Friday, 20 May 2011

“A Dose of Reality on Cornwall’s Waste” - part 2

Following the publication of Alec Robertson’s letter to Eric Pickles concerning the incinerator appeal, waste management has become the hot topic of conversation once again. This has included a blog from Labour Councillor Jude Robinson entitled “A Dose of Reality on Cornwall’s Waste.”

Jude talks about “posturing” and “nimbyism” which I consider inappropriate and totally unjustified given the consistent approach of local members from the China Clay Area such as myself, Fred Greenslade, John Wood and Des Curnow stretching back over a decade.

In particular, Jude states that: “Although opponents of the CERC insist that Cornwall can recycle more, they have just turned down the chance to improve Cornwall’s recycling in the new waste collection contracts.”

I would love some clarity on who Jude is talking about when she states that “opponents of the CERC … turned down the chance to improve Cornwall’s recycling.”

For the record, the decision to agree a waste collection contract with fortnightly recycling and weekly collection of black bag waste (rather than fortnightly collections of black bag waste and weekly recycling collections) was taken by the Cabinet, not any of the active opponents of the incinerator scheme.

At the heart of Jude’s blog is her uncritical acceptance of a recent statement from the Cabinet that the failure of the appeal and the cancellation of the Contact would cost local council tax-payers £322 million.

I simply do not accept these figures or the suggested timescales that it would take to deliver an alternative to the incinerator, and I believe I have been consistent in making challenges over many months when presented with the myriad of exaggerated costs as we argue for alternatives to incineration.

Also, one cost not talked about by either the Cabinet or Jude Robinson is the rising cost of the incinerator itself.

In 2000, councillors were told that a single incinerator would cost £40 million. When the Contract was signed in 2006, this had risen to £96 million with a price guarantee. With inflation, this increased to £113-117 million.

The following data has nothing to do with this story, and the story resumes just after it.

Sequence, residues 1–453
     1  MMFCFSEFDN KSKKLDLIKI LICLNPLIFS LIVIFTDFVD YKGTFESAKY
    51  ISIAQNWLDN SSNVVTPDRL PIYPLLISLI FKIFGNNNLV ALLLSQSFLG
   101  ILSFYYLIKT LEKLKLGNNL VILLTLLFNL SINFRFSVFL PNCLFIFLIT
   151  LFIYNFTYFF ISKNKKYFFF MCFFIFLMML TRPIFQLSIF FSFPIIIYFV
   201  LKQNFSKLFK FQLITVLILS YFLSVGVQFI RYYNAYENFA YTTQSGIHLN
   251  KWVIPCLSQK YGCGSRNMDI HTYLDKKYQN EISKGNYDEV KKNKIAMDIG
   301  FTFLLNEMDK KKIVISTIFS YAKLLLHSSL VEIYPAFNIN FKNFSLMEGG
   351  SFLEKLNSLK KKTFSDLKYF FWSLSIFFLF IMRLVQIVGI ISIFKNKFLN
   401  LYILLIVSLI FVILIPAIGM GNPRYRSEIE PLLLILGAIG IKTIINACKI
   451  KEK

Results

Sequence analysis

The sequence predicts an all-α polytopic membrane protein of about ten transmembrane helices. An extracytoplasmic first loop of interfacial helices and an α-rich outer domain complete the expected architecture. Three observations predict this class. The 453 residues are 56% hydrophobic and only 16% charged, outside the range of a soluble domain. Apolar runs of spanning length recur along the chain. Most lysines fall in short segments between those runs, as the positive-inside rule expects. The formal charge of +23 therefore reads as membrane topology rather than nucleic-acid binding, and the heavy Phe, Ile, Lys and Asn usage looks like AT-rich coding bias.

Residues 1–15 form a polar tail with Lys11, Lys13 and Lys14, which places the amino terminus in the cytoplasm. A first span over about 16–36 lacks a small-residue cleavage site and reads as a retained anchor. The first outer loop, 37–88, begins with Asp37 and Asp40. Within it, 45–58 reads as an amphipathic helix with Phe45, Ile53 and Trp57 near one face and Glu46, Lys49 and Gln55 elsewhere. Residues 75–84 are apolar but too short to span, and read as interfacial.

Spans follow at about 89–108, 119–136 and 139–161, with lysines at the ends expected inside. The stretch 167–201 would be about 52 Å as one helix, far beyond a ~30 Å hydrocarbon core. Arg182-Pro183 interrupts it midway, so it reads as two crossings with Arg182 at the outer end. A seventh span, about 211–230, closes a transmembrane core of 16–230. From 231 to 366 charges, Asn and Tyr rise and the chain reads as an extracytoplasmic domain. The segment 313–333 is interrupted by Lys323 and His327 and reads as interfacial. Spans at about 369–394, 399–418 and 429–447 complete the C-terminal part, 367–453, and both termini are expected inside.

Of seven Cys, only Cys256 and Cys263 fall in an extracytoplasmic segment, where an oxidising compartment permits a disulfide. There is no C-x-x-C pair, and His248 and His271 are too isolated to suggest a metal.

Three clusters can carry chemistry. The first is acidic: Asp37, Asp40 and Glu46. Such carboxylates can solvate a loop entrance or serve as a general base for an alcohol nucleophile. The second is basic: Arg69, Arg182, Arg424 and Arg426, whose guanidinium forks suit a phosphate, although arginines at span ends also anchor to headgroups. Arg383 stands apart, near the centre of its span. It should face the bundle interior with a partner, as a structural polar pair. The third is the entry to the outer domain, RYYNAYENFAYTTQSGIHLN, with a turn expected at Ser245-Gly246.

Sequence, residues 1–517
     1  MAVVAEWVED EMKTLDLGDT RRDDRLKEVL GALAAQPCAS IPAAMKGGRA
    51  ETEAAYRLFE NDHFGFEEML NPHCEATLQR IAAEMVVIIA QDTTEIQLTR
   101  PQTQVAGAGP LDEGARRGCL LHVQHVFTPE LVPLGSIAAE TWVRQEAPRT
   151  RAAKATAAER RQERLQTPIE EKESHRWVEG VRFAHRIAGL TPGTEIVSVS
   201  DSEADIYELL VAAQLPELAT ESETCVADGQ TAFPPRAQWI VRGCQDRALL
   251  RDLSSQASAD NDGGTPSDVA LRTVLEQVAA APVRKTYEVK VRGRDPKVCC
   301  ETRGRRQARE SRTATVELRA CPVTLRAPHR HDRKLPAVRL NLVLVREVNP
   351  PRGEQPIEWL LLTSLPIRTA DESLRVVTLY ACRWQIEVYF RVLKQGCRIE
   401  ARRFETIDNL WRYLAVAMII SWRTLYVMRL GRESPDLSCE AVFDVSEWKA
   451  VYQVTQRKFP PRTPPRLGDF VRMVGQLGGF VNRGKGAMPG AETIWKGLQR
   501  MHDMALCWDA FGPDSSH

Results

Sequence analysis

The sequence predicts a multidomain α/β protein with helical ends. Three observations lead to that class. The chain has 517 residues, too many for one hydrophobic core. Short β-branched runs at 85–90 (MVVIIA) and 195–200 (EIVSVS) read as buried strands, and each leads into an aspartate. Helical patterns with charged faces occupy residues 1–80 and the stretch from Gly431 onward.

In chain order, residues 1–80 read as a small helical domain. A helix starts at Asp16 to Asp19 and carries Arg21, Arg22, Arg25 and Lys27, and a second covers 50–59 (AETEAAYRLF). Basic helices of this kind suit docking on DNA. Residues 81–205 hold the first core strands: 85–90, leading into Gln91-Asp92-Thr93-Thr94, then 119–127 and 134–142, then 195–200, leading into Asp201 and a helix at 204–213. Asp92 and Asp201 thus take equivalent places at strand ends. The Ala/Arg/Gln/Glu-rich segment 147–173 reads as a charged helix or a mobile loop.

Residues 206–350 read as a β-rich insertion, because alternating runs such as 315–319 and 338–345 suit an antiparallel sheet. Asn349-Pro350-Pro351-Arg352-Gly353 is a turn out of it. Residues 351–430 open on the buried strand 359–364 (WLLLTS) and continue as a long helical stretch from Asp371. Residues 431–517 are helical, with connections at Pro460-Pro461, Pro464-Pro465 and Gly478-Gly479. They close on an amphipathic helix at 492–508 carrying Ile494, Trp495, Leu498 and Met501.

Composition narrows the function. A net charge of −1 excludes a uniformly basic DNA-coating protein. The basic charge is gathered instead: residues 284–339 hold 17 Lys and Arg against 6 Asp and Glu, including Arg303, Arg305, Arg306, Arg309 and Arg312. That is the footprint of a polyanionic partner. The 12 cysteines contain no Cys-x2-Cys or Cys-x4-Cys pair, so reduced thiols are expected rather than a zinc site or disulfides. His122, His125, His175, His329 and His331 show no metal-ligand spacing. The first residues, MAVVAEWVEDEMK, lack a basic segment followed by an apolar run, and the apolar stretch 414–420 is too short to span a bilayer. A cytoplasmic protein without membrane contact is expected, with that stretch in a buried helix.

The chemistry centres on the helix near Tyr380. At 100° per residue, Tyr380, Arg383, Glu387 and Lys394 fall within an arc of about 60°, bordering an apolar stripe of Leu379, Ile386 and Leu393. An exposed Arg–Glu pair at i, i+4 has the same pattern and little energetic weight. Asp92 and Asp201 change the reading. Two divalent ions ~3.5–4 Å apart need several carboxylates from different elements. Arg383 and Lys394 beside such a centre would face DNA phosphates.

The failure to start the construction by March 2010 means that the price guarantee is no longer valid and recent estimates of the cost to build the plant are over £155 million.

Jude has a strong view about allowing the incinerator to be built, but this is not a view shared by all her Labour colleagues. Labour members on the former County Council opposed the scheme as did her fellow Labour PPC Charlotte Mackenzie (Truro and Falmouth).


max_s_1234 said...

Love to see your alternative to dealing with our waste then. Any plans?

Jude Robinson said...

Dick, I would like to make it clear that I was not having a pop at you in my blog. Or any of the other councillors who have stuck to their guns and made a principled stand.

We disagree about the CERC but I accept you have an opposing view and stand up for what you think is best for the area.

What really has made me angry is the way some Lib Dems have tried to cash in politically on opposition to this, knowing their own party signed the contract - actually asked for Sita to build the CERC on behalf of the council.

If they opposed it, they should have looked at alternatives instead of committing £427 million of council money and then trying to win votes for opposing it.

Personally I don't think this will be as bad for the area as you do - and I hope the well paid jobs bring some much needed cash to local people.